Sony tunes in to microfluidics

Electronics powerhouse acquires diagnostic equipment provider Micronics

Kimberely Sirk
REDMOND, Wash.—SonyCorp. announced at the end of September that it has acquired U.S.-based microfluidicsleader Micronics Inc. Sony, through its subsidiary Sony Corp. of America,acquired the company to accelerate its own research and development prowess,particularly for point-of-care diagnostic equipment, as well as to acceleratethe commercialization of these products.
 
Micronicspossesses a portfolio of point-of-care products for disease detection,diagnosis and treatment monitoring. The company employs a patent estate inmicrofluidics and related technologies that make it possible to processbiological and environmental samples directly in disposable, single-use devicesand to perform highly accurate and affordable tests in a fraction of the timerequired by most molecular diagnostic tests in use today. The company has mostrecently developed expertise in infectious disease point-of-care diagnosis.
 
 
Near-patientpoint-of-care diagnosis refers to the ability to facilitate rapid and accurateresults via testing that can be performed in a physician's office, emergencyroom or patient's hospital bedside, rather than having to send a patient'sspecimen(s) to an off-site laboratory.
 
 
A Sony USAspokesman said that his company began studying a number of potentialacquisition candidates about a year ago. Micronics was one of these companies.Sony at that point determined that Micronics would provide effective complementto Sony's assets. Micronics has well-regarded and globally recognized technicalprowess, including its microfluidics and development expertise, and boasts an impressivepatent portfolio, he adds.
 
 
Micronics wasthe first company to obtain U.S. Food and Drug Administration (FDA) clearanceon a microfluidics device for rapid blood typing, and has also accumulated awealth of expertise through its comprehensive product development forthird-party clients. Integral to success in these areas are Micronics' corecapabilities in microfluidics, surface chemistries, materials science and assayintegration.
 
 
Micronics willcontinue to operate in Redmond, Wash., and will continue to be run by itspresent management team, lead by President Karen Hedine. It will work closelywith Sony's life sciences R&D team to jointly develop leading-edgetechnologies and new products. More specific business plans and objectives werenot disclosed, and neither party to the deal would divulge financial details.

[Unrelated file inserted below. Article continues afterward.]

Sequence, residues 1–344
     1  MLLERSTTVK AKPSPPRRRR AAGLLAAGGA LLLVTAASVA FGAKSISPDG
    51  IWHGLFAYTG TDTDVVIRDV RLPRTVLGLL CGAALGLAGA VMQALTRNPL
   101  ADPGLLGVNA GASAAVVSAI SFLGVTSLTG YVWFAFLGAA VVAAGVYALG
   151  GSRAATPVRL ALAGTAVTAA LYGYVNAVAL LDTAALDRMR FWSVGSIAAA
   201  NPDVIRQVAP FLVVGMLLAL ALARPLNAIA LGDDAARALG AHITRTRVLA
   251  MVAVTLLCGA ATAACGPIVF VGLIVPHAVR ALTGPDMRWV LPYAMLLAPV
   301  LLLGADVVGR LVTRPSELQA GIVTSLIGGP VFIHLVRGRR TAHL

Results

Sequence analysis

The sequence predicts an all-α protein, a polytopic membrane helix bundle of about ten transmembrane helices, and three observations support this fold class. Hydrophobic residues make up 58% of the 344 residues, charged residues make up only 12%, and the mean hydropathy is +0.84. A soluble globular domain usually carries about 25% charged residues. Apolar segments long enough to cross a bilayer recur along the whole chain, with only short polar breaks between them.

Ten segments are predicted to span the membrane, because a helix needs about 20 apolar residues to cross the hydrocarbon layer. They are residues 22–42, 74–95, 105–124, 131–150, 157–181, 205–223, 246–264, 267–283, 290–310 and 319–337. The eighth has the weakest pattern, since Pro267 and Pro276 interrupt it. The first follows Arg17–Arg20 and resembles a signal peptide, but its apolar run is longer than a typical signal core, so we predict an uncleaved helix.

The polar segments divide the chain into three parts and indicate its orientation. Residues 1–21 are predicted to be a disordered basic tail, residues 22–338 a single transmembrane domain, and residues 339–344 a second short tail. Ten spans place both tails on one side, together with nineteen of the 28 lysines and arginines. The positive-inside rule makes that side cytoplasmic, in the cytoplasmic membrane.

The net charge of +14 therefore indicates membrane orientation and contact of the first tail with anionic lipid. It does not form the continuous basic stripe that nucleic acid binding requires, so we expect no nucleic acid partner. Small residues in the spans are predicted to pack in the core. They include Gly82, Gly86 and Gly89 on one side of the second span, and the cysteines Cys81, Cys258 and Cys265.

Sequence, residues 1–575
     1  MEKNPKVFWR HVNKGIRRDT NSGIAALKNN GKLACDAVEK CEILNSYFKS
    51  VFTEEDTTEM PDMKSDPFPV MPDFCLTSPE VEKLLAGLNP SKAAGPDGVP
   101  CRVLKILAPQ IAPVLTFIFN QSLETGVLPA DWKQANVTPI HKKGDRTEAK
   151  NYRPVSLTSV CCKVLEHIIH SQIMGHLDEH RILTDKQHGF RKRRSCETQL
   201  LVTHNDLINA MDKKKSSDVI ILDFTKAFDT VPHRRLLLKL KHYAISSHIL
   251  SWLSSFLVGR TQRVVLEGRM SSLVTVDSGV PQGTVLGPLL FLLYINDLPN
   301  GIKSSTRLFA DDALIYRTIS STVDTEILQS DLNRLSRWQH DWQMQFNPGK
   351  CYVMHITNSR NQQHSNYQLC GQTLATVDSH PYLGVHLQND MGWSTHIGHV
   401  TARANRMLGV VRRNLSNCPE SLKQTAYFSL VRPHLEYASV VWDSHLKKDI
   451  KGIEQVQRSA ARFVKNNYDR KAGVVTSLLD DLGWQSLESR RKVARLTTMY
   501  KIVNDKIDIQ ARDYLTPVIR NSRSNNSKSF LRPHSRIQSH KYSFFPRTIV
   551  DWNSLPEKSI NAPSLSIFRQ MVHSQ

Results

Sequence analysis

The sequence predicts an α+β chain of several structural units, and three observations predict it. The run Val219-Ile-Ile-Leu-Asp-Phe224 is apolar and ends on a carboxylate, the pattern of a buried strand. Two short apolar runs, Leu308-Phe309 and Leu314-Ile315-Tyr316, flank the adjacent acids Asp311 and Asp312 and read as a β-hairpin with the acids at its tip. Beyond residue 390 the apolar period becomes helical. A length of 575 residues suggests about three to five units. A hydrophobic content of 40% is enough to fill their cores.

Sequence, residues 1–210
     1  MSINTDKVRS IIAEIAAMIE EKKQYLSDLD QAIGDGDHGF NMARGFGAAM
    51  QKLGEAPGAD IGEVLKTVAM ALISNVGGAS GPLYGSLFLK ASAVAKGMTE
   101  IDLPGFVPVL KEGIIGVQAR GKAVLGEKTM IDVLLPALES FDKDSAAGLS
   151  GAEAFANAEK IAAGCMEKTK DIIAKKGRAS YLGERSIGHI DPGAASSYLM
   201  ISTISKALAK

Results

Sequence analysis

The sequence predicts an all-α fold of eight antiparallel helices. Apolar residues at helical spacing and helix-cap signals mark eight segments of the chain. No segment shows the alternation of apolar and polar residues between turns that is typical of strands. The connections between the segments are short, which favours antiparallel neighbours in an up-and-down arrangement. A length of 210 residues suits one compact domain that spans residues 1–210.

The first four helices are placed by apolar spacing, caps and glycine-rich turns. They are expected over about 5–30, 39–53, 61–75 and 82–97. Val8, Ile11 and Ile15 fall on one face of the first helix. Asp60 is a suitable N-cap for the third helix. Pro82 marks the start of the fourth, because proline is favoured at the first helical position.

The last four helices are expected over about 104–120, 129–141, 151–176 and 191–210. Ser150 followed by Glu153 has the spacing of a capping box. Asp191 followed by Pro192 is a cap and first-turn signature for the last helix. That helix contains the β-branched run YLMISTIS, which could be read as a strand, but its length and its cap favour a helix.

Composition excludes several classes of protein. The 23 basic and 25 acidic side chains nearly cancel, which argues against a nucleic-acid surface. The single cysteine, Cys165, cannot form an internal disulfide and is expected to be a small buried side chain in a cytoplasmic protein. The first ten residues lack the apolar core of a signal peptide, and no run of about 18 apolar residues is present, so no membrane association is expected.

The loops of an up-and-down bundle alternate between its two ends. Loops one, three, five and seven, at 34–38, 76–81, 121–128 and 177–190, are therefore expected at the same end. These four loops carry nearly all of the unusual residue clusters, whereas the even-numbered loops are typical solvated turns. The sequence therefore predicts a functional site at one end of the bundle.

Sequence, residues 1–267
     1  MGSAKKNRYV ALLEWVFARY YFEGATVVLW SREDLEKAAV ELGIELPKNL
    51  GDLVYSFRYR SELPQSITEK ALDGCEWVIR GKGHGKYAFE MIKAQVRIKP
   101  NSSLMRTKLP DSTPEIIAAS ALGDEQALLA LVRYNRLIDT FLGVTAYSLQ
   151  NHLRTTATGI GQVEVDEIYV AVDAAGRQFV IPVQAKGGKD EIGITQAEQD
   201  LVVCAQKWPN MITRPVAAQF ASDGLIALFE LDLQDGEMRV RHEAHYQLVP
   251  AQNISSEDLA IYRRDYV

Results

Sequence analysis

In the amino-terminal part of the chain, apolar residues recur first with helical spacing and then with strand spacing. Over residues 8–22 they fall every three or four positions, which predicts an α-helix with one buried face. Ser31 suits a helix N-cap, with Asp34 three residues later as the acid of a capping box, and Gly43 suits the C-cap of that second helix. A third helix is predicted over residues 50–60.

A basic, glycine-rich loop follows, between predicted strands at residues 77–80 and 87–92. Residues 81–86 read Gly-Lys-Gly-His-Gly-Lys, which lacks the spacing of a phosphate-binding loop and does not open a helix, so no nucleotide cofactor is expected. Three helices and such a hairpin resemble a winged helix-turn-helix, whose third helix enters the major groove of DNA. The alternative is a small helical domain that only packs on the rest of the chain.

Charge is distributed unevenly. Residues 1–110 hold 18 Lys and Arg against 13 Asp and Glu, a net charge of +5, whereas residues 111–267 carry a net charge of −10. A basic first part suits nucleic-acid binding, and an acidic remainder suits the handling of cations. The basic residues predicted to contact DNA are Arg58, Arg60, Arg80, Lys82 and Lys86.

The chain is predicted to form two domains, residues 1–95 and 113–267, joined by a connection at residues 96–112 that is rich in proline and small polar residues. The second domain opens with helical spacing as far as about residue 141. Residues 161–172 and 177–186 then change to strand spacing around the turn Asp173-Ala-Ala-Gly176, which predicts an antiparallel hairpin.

Utilizing itsmicrofluidics technologies, one of Micronics' main strengths since itsinception in 1996, the company has blazed a trail in the advancement ofnear-patient point-of-care products in both the molecular and immunoassaydiagnostic test domain, in part through its collaborative partnerships withprivate and public organizations, both within the United States andinternationally.
 
 
Today,Micronics holds 73 issued patents and has more than 40 pending applications onits microfluidics technologies, including those exclusively licensed from theUniversity of Washington and additional intellectual property that it hasdeveloped independently.
 
"As a newmember of the Sony family, we at Micronics aim to make full use of Sony'ssuperior consumer-based technologies, product development capabilities andcapacity to distribute products globally in the development of Micronics'products," said Hedine in a prepared statement. "We believe that the powerful combinationof Sony's expertise with that of Micronics' will lend itself to a newgeneration of market-responsive diagnostic products."
 
Hedine wasunavailable for additional comment.
 
 
"For sometime, Sony has applied its consumer electronics technology to contribute toresearch and development in the medical and healthcare fields," offered KeijiKimura, executive vice president and CEO of the parent Sony Corp., in aprepared statement. "We believe that the combination of Micronics' developmentcapabilities in the medical diagnosis domain and our consumer electronics andIT technologies, such as in optical discs, will enable us to offer innovativesolutions that are responsive to the rapidly escalating needs for point-of-carediagnosis worldwide."
 
An early funderof Micronics was the Southwest Michigan First Life Science Fund. Pat Morand,managing director of the Fund, as well as a member of Micronics' board ofdirectors, says it was his organization's confidence in Hedine and the momentumof the company that caused the Michigan concern to reach into Washington stateto make an investment.
 
"I've knownKaren for 15 years," Morand says. "We of course did our due diligence, and ourorganization not only invests in companies, but we invest in people, and that'sthe combination we had here."
 
 
Morand addsthat there were discussions about relocating part of Micronics to Michigan, butnow that the Sony deal has been done, those discussions have ceased. He addsthat the Fund is very pleased with the return on its investment, but would notprovide addition details about payments made now, or those in escrow.
 
The SouthwestMichigan First (SWMF) Life Science Fund is a $100 million limited partnership venturefund interested in early-stage life-science opportunities in the Kalamazooregion that have demonstrably viable therapeutic technologies. Not only does itseek to turn a profit for its investors, but it also only invests in companiesthat already have a presence or are committed to establishing a presence inSouthwest Michigan.
The Fundprovides equity investment to entrepreneurs and also offers support services inthe areas of industry expertise, regulatory strategy, reimbursement planning,exit strategies and early-stage business systems.

Kimberely Sirk

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